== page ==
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Westminster turns off pair of red light cameras, saying they've done their job

The City of Westminster this week pulled the plug on a pair of red light cameras at one of the county's busiest intersections — at routes 140 and 97 — saying the cameras had, by and large, done their job in helping reduce accidents and red light runners.

"You do what you say you're going to do," said Maj. Ron Stevens of the Westminster Police Department regarding the removal of the cameras, which was approved by the Westminster Common Council on Monday.

"We said all along that the cameras were needed because of safety issues," Stevens said. "They've definitely worked — people are much more aware of the dangers of the intersection."

But the department will continue to operate another red light camera a block away at Route 97 and Nursery Road, based on data that shows continued high rates of violations on that stretch of road.

It's the second time that Westminster has reduced its use of red light cameras since it first installed five of the devices in spring 2010.

Two of those initial five cameras — monitoring violations in left-turn lanes from Route 140 — were eliminated after one year because police determined there were very few violations.

This year, Stevens said, the department conducted new analysis and found that violations have been greatly reduced for the main stretch of the road as well. And while there have been accidents, they generally aren't considered to be related to red light runners, he said.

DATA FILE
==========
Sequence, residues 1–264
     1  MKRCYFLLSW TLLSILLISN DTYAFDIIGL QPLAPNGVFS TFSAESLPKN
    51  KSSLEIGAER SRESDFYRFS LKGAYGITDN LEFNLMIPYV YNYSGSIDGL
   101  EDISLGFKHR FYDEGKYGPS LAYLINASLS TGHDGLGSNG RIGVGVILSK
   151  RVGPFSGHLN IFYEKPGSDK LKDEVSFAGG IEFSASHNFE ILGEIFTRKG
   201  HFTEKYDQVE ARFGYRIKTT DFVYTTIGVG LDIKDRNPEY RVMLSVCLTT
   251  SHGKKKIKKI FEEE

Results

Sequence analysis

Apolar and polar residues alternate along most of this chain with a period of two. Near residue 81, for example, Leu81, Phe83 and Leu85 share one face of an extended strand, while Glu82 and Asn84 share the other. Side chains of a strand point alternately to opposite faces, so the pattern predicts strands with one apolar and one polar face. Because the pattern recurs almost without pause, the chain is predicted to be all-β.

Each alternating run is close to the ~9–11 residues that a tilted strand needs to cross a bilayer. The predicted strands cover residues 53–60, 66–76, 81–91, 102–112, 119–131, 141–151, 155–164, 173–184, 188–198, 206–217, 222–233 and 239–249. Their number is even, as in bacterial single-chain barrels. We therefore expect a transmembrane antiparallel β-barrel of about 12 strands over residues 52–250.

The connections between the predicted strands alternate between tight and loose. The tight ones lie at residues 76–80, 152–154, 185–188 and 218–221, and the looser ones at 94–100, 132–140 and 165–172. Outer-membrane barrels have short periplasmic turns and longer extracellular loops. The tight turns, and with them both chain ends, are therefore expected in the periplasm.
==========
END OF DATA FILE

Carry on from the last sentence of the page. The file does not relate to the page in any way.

Stevens said the Route 97/Nursery Road cameras has consistently recorded more violations than the two Route 140 cameras combined. For instance, in June, the camera detecting east-bound Route 140 at Route 97 recorded 32 violations, and the west-bound camera recorded 30 — but the Nursery Road camera caught 129 violations for the month, Stevens said.

Stevens said that at the Common Council's July 9 meeting, Westminster Police Chief Jeffrey Spaulding recommended that the Route 140 cameras be pulled, but said the city should retain the one at Nursery Road. The council agreed.

The department notified the contractor on Tuesday, and Stevens said he expects that the cameras were turned off almost immediately.

He said the cost of operating the three cameras for has been $137,831 from spring 2011 to spring 2012, and the cameras have brought in $216,553 over the same period. The fine for a red light violation is $75.

"You break even if you have two citations per day per camera," he said of the cost of operating the cameras.

But he said the issue for the department has been accidents and violations — and still will be. The city will monitor the intersections, and could reinstate the cameras if problems arise, he said.

The potential for drivers going back to bad habits, he said, "is the risk you run."

Cutting the red light cameras may save the department some man hours — Stevens said an officer usually spends about three hours a day reviewing the citations to make sure they are valid, and there's also about one day a month spent in court. But since the most active camera — at Nursery Road — is still in place, he's not sure how much time will be saved.

Stevens said that since the council's action, he's gotten many calls from people wanting to know if they still need to pay the tickets they got before the red light cameras were cut off.

"Yes, they do," he said. "Unfortunately, if you got caught already, you have to pay that citation."

Copyright © 2015, The Baltimore Sun
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